New Surgery Helps Teen Walk Again

Procedure uses computers for more precise treatment

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    The first time a mother sees her child walk, that child is usually about 1 year old. But now new technology is allowing one mother to see her teenage daughter take her first step after a near-fatal car crash.

    "A car stopped abruptly in front of me, and it was either hit him or try to go around," said 17-year-old Meghan Bryant. "I thought I had enough room to go around."

    Bryant, then 16, didn't have enough room. Her back tires got caught in gravel, and her truck flipped over two times. Rescue crews cut her out of the car. She couldn't feel the left side of her body and was airlifted to Baltimore Shock Trauma.

    "They told me at the time they didn't know what it was," she said. "It could have been a brain injury. It could have been a stroke."

    New Surgery Helps Teen Walk After Crash

    [DC] New Surgery Helps Teen Walk After Crash
    The first time a mother sees her child walk, that child is usually about 1 year old. But now new technology is allowing one mother to see her teenage daughter take her first step after a near-fatal car crash.

    She eventually started moving her left hand, but her leg remained motionless. Her muscles in her shin and calf had contracted, leaving her foot stuck in a down position and making her unable to walk.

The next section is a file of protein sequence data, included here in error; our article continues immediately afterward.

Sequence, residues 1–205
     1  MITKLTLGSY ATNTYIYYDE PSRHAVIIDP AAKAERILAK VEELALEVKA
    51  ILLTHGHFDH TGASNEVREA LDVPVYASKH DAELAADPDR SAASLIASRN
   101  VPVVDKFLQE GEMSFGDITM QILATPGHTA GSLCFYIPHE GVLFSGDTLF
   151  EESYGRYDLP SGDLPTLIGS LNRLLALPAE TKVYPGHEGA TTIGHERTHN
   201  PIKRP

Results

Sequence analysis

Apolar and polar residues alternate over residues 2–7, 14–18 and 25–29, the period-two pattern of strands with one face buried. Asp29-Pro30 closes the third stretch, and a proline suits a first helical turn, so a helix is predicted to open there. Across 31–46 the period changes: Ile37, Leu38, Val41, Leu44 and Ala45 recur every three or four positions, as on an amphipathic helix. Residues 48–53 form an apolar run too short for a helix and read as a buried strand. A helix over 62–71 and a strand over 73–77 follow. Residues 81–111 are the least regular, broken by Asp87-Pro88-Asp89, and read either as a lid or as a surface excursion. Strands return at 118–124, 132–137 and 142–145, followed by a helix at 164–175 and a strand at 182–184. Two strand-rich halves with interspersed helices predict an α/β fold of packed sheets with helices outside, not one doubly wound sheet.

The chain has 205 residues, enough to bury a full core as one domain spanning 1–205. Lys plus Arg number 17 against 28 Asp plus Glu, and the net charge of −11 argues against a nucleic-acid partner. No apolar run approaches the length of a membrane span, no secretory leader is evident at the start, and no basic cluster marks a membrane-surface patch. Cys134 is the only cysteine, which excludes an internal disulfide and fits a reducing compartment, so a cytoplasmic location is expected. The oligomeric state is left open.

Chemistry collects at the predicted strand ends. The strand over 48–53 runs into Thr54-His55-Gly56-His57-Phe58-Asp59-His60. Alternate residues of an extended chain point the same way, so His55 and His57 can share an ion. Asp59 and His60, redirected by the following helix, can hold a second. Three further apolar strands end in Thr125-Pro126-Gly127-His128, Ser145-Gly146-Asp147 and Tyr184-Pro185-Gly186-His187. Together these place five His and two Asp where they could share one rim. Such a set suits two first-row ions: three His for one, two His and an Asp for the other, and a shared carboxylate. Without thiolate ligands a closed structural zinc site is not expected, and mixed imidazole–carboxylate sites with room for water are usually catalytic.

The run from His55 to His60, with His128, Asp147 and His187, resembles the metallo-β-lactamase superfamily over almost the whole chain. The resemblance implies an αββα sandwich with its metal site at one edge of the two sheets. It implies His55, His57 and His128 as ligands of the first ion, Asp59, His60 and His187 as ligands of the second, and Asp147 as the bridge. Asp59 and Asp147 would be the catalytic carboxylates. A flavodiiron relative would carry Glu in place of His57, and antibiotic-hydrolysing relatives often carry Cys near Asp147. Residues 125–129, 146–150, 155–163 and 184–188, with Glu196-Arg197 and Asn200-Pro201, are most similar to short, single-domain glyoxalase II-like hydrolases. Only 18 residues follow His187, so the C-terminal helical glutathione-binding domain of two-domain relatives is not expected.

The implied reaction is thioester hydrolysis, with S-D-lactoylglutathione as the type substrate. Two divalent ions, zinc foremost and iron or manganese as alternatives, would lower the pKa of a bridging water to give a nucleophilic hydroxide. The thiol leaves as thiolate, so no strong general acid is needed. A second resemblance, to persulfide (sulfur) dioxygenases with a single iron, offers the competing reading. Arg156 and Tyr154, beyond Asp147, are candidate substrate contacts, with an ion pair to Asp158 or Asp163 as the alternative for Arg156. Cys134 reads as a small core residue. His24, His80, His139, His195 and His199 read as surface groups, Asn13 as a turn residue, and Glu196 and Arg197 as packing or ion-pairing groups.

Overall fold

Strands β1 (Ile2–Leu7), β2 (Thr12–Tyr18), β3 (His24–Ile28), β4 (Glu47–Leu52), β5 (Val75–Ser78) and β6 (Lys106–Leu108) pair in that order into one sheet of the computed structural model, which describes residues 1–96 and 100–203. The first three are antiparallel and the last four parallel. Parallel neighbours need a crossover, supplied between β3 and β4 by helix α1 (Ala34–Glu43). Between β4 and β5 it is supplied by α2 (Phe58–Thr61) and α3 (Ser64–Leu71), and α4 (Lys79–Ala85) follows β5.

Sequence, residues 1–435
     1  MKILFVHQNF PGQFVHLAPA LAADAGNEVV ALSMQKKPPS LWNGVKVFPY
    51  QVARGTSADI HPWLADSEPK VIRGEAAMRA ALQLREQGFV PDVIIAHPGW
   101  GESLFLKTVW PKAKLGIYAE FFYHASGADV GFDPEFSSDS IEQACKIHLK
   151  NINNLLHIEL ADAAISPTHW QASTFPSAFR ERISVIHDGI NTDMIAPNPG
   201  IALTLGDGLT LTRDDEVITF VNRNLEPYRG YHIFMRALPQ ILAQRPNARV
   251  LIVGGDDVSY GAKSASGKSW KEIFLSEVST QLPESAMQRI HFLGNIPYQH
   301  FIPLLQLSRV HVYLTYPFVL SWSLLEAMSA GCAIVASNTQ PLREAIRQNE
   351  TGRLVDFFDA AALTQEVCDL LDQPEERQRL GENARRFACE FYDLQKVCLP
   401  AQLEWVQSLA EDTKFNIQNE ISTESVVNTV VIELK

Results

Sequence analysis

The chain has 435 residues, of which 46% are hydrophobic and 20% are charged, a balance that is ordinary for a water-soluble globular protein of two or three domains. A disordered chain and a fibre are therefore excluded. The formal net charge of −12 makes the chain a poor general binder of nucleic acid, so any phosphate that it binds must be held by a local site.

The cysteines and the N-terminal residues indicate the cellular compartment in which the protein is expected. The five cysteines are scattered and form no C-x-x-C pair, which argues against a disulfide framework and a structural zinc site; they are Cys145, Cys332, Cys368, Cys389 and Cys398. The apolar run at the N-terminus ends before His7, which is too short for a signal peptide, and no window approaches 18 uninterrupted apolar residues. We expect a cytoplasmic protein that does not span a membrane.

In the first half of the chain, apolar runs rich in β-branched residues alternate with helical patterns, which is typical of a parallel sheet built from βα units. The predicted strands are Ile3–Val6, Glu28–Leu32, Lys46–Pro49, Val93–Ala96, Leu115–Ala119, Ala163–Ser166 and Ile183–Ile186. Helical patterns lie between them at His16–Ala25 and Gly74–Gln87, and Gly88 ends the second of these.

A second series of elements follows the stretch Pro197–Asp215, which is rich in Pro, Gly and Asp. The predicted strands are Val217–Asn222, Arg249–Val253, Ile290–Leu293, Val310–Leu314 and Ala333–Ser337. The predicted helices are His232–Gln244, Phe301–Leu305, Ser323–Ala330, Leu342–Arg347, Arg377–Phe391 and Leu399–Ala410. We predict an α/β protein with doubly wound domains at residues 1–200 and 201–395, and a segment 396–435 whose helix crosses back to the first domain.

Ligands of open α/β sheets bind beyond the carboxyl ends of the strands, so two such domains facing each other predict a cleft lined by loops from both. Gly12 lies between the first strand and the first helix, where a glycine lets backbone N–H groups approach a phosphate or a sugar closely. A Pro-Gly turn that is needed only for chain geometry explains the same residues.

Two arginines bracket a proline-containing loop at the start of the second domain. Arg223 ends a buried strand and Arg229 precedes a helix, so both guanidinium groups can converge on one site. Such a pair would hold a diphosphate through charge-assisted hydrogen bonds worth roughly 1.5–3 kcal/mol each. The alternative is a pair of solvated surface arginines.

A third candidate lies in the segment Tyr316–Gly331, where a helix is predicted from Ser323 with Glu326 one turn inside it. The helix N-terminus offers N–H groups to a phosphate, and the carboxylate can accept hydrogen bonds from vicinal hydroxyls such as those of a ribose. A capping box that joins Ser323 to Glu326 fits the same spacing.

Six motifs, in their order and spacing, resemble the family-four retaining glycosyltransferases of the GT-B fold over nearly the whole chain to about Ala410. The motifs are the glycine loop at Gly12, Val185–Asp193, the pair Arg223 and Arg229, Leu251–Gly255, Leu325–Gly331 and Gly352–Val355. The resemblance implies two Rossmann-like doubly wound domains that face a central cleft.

"So just like your foot was in a high heel, positioned downward," said Georgetown University Hospital orthopedic surgeon Dr. Francis McGuigan. "She was not able to lift it back up, so trying to walk basically on her tip toes at all times."

    Bryant tried physical therapy, specialized casts, even surgery. Nothing worked. So McGuigan decided to take a new approach.

    "We're doing a minimally invasive surgery," he said. "It's computer assisted, so we can get much more exact then we can just in the operating room and it takes a few minutes to an hour."

    Doctors attach this metal cage, called a Taylor spatial frame, to the leg bone. A special computer program then figures out precisely how to adjust the cage, so that the foot holds in a "normal" position. The bones and muscles are then able to re-align themselves over time. It can take anywhere from a few weeks to months.

    "We want it on long enough so that the soft tissue develops memory, so the foot won't go back to the same position it was before," he said.

    Doctors have been using similar cages for years, but they used complex math equations to figure out how to position the cage. Doctors needed to make many adjustments to get it right, and errors were common.

    Bryant wore the cage for five weeks. Then, another cast for an additional three. She was wheelchair bound at her senior prom. But Tuesday, doctors cut off that cast.

    "I'm feeling great," she said just a few minutes after the cast was removed. "I feel like I'm normal again. So I'm really excited."

    With the help of a brace, Bryant can now walk on crutches. McGuigan believes that with more physical therapy she'll be walking without help very soon. Her goal is to walk at her high school graduation in two weeks.

    "I haven't been able to do it for such a long time and commencement is about moving on, so it's like I'll be moving on with this, too."